HOUSING COMMENTARY #1: WHY HAS CONGRESS LEFT HOUSING TO FANNIE MAE AND FREDDIE MAC?
Fannie Mae and Freddie Mac, along with their regulator, are doing more to dismantle themselves than Congress can be bothered to do, according to a commentary in the Washington Post Tuesday. On Monday, their regulator, Ed DeMarco of the Federal Housing Finance Agency, said that a new company will be formed that will do much of the back-office work of both firms, setting the stage for whatever Congress decides to do next to overhaul the mortgage sector. The two government-sponsored mortgage finance companies are nearing the five-year anniversary of when the feds took them over, a bailout that has cost taxpayers $131 billion so far. They have been vilified, particularly by conservatives, as representing the worst of crony capitalism (fairly) and as being major drivers of the financial crisis (unfairly). For many Republicans, their stated objection to the Dodd-Frank financial reform act was that it didn't do anything to reform Fannie and Freddie. No legislation to overhaul the nation's mortgage finance has passed either the Republican-led House or the Democratic-led Senate. The White House unveiled a plan for what to domore than two years agothat was less a plan than a menu of options from which Congress might choose in sculpting its own approach to reforming the government-sponsored enterprises, or GSEs. So what is going on here? How is this an area where seemingly everybody agrees there needs to be an overhaul, yet no actual legislative action has taken place? The answer boils down to this: Too many people benefit from the current system, and too many people have something to lose in any overhaul, according to the commentary. But something will have to change in order to give the U.S. a system of housing finance that doesn't leave taxpayers on the hook for everyone who wants a place to live. Click here to read the full commentary.
HOUSING COMMENTARY #2: HOW TO REPEAT THE MORTGAGE MESS
In September 2008, amid the financial panic and collapse of the housing market, the federal government bailed out and took control of Fannie Mae and Freddie Mactwo government-sponsored enterprises that dominated the mortgage market. After four years and $180 billion of taxpayer funds to keep them afloat, they are beginning to make profits from their near monopoly. This week, the head of the federal agency that supervises Fannie and Freddie, Edward DeMarco, outlined a sensible plan that would prepare the companieswhich remain the dominant players in housing financefor either full privatization or government ownership. These are the obvious alternatives, but there is a third idea in the mix, one that is as seductive as it is dangerous: a private system with an explicit government mechanism for future bailouts when they prove necessary, according to a commentary in the Wall Street Journal yesterday. The rationale? If there's a problem in housing finance, the government will inevitably step in as it did in 2008. So why not create a government insurance program now, compensating taxpayers for the burdens they will have to shoulder eventually anyway? This argument has been advanced many times since Fannie and Freddie went under, most recently by the Bipartisan Policy Center, a Washington think tank. A system for private housing finance with a government insurance backstop may sound reasonable, even sophisticated. But it is seriously flawed. At the end of this road is bailout nation: a government insurance backstop for every industry. Also, taxpayers never get compensated from insurance funds, and federal insurance encourages careless behavior by those who know that if things go bad, someone will be there with a bailout. Once a fund of any size is created to back a particular industry, the arguments against a bailout virtually disappear. The reality is that sufficient funds are not going to be there. The only way to ensure a stable mortgage market is to get the government out, and keep it out. Click here to read the full commentary (subscription required).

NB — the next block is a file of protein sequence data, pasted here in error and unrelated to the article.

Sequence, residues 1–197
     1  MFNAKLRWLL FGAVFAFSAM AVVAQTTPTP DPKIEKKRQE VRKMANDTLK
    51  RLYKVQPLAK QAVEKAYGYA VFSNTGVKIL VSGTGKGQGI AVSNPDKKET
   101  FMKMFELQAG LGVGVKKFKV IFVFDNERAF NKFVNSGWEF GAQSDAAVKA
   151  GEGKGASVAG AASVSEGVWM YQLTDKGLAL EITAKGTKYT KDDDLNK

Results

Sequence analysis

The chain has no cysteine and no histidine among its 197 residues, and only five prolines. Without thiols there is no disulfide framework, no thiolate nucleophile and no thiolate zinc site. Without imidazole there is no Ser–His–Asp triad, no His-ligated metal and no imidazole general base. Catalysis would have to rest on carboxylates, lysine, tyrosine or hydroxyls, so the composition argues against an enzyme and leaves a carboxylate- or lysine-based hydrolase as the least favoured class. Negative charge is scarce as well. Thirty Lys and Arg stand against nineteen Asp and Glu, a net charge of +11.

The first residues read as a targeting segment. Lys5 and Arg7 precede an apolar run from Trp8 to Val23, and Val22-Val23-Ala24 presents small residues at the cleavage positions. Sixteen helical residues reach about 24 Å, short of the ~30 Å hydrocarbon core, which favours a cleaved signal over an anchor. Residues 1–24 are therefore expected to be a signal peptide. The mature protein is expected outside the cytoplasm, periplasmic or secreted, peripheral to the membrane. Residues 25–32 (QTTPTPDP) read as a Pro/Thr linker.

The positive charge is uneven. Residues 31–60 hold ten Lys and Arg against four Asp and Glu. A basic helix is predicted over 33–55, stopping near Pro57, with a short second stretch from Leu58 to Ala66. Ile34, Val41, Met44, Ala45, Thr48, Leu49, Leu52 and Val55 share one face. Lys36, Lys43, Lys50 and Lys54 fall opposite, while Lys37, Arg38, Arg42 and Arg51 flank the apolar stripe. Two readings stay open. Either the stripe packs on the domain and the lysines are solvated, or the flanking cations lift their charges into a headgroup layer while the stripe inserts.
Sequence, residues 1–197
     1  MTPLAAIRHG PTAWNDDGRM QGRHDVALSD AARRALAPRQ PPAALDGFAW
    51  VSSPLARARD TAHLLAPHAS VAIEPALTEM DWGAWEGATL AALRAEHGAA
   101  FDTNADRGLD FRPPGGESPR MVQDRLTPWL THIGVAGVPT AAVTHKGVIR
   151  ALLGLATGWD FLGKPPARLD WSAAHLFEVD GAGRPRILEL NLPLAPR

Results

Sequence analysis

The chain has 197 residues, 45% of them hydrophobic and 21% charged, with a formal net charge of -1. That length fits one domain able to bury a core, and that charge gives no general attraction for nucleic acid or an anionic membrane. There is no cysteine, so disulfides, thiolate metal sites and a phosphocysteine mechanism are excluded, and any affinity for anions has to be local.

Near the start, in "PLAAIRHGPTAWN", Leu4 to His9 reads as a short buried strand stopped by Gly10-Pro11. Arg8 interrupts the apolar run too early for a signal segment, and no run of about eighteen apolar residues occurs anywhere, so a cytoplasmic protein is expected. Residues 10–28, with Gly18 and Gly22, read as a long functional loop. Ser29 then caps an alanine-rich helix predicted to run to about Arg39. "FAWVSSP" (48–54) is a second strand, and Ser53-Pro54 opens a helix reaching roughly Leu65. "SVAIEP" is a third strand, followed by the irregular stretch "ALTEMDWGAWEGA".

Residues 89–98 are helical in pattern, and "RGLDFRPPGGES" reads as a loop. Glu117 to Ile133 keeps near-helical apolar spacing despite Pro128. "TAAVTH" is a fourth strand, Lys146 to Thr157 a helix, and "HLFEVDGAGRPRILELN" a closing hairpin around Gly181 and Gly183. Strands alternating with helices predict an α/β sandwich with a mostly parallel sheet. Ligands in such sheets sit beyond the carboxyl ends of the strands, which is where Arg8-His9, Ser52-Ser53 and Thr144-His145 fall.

ANALYSIS: STUDENT DEBT IS A DRAG ON ECONOMIC RECOVERY
Roughly 39 million Americans have a total of $966 billion in educational debta sum that has tripled since 2004, the Federal Reserve Bank of New York finds, according to an analysis in the Financial Times Tuesday. It was the only type of borrowing that expanded through the Great Recession, and in 2010 it jumped ahead of car loans, credit card debt and home equity credit to become the largest source of indebtedness behind mortgages. Faced with tighter scrutiny from banks and their own cautious behavior about running up balances, this new generation of borrowers has cut back on spending. They keep their credit cards in their wallets, put off purchasing houses and cars, and delay starting savings accounts for their own children's education. Experts warn that this trend raises the possibility that the explosion in student debt will sap economic growth in the U.S., where consumer spending accounts for around 70 percent of gross domestic product. "Consumers with large student debt burdens may spend less and are more likely to have difficulty securing a mortgage," the U.S. Treasury's Office of Financial Research said in its 2012 annual report. "These factors could significantly depress demand for mortgage credit and dampen consumption." Those fears have been supported by recent studies, such as a Pew Research Center report last month showing that young adults are less likely to own homes, cars and other "big-ticket consumer durables," such as refrigerators and washing machines, than their peers were in 2001. Simply put, more people are paying more money for school. Click here to read the full analysis (subscription required).